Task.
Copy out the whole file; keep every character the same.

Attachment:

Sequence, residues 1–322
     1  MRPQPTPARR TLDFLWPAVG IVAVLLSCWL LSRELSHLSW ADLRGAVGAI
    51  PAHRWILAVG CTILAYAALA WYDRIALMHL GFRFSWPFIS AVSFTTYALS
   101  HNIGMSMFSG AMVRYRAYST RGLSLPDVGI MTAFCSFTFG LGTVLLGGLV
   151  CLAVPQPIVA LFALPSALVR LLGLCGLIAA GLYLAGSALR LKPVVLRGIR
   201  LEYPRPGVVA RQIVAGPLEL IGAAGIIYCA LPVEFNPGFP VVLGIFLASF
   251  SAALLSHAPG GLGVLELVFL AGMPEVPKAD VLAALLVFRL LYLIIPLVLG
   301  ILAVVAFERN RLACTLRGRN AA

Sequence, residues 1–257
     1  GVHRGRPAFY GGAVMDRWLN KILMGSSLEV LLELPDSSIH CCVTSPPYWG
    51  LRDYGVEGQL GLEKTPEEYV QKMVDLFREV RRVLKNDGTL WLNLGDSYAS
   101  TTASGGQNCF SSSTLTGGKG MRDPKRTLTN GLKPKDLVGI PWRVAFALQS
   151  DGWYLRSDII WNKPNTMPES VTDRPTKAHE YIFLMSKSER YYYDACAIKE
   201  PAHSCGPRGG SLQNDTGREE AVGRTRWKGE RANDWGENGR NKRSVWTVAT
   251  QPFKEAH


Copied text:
Sequence, residues 1–322
     1  MRPQPTPARR TLDFLWPAVG IVAVLLSCWL LSRELSHLSW ADLRGAVGAI
    51  PAHRWILAVG CTILAYAALA WYDRIALMHL GFRFSWPFIS AVSFTTYALS
   101  HNIGMSMFSG AMVRYRAYST RGLSLPDVGI MTAFCSFTFG LGTVLLGGLV
   151  CLAVPQPIVA LFALPSALVR LLGLCGLIAA GLYLAGSALR LKPVVLRGIR
   201  LEYPRPGVVA RQIVAGPLEL IGAAGIIYCA LPVEFNPGFP VVLGIFLASF
   251  SAALLSHAPG GLGVLELVFL AGMPEVPKAD VLAALLVFRL LYLIIPLVLG
   301  ILAVVAFERN RLACTLRGRN AA

Sequence, residues 1–257
     1  GVHRGRPAFY GGAVMDRWLN KILMGSSLEV LLELPDSSIH CCVTSPPYWG
    51  LRDYGVEGQL GLEKTPEEYV QKMVDLFREV RRVLKNDGTL WLNLGDSYAS
   101  TTASGGQNCF SSSTLTGGKG MRDPKRTLTN GLKPKDLVGI PWRVAFALQS
   151  DGWYLRSDII WNKPNTMPES VTDRPTKAHE YIFLMSKSER YYYDACAIKE
   201  PAHSCGPRGG SLQNDTGREE AVGRTRWKGE RANDWGENGR NKRSVWTVAT
   251  QPFKEAH